If I can earn your trust, then you have given away power to me. If I can earn your trust, then trust is something that can be quantified, and all I have to do is reach a goal, a standard, a 100% of something that necessarily releases what you have. Trust doesn’t work that way.
Trust is something that you grant. You can give it or not give it. Trust is in your control, an expression of your power and will.
If someone failed you, and then asked, “What can I do to get your trust back,” I doubt you gave them a clear list of tasks to complete.
Trust is an opportunity you extend for someone to act in your best interest. Trust is a bridge you are willing to cross with another from the known to the unknown. When you get on an airplane, you trust the pilot to get you there safely, and to get you to a place in a way you could not on your own.
Do-It-Yourself industries rely on undermining the trust you put in professionals. Where you once relied on someone to act in your best interest and to do so with a knowledge you did not possess, DIY now gives you the knowledge you need to act in your own interest (while trusting that the knowledge they provide is accurate). It’s not that professionals are bad; some just aren’t needed like they once were. Trust is rooted in need.
Consumers are moving their trust away from institutions and toward individuals. It is a major shift. Before, we relied on the good name of companies. Now, corporate reputation as a whole is suspect. Consumers either rely on individuals directly (e.g. Airbnb, which averages 5 email exchanges before booking, vs. hotels) or indirectly (hence, the rise of peer reviews).
Trust cannot be earned, but it can be triggered. How do companies today trigger the trust of the public?
1. Don’t try to build trust. Trigger trust.
Building trust is an exercise of persuasion. Being trustworthy is an expression of character. Persuasion seeks to have you act in another’s best interest. Character will act in our best interest.
Trust is triggered by four trustworthy character-istics. Not any one of these is a magic bucket that, once filled, requires the trust of another. Each one of these is a signal, for reasons you cannot predict, to another’s mind and emotion that they can grant something of their self to you.
Competence: Do you have what it takes to act in my interest or get me to a place in a way that I cannot?
Consistency: Will you be responsive to me and act in a way that I can count on you?
Care: Are you really driven to meet my need or is your service just a camouflage for your own profit?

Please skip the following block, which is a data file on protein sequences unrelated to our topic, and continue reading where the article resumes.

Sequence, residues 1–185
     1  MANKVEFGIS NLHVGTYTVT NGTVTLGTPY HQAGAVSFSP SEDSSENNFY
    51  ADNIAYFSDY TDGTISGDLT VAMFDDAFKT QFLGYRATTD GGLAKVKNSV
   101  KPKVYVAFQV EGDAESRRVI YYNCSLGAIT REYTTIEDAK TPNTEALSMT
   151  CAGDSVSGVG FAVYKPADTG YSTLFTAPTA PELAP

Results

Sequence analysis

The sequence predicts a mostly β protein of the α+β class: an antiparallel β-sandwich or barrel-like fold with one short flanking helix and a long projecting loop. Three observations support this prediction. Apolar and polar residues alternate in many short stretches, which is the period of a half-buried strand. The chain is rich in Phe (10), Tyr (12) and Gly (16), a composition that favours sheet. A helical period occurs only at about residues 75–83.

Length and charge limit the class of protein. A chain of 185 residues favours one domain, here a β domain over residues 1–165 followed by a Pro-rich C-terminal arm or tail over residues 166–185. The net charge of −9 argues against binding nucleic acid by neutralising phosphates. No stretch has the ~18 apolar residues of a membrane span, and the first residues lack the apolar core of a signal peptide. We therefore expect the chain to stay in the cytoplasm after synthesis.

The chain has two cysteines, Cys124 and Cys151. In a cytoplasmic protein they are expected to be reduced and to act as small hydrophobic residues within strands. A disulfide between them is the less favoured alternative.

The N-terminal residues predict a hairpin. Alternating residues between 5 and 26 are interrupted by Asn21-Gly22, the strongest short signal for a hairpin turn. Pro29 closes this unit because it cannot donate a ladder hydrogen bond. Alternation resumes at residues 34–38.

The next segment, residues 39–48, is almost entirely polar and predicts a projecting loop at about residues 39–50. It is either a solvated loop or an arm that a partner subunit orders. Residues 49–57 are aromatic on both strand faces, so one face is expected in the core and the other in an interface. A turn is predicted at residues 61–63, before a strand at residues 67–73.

Congruence: Does your behavior match your stated intentions?
Trust is not necessarily revoked because of failure. Studies have shown that loyalty to a company is highest not among those who never had a problem with a company, but with those who had an issue rightly resolved. Why? Because competence is but one of four triggers, and if, when you fail, you are responsive, genuinely caring, and living up to what you project, then trust might remain in place.
2. Technology that triggers trust amplifies decisions rather than dictates decisions.
Technology does things for people, and it has a growing role in deciding things for people (algorithms). Your company will be more human when it chooses to enhance decision-making (honoring a trust to be granted) rather than to impose a decision (trying to require trust).
Customer knowledge (which informs what you offer) plus multiple options (which maintains your customer’s power of choice) is the equation for relational business versus transactional business. And the more you seem human (relational), the more you will trigger trust.
Your company’s technology serves the triggers. Technology is not only about you being more efficient; technology empowers your ability to be trustworthy. IT must do both – serve you, and strengthen your competence, consistency, care and congruence.
Failure to utilize technology to both serve you and strengthen you will cause consumers to entrust their needs elsewhere, and neither one of you may be able to articulate why – and that’s because trust is not a commodity a company can measure and attain, but a part of a consumer that they willingly, if not consciously, give.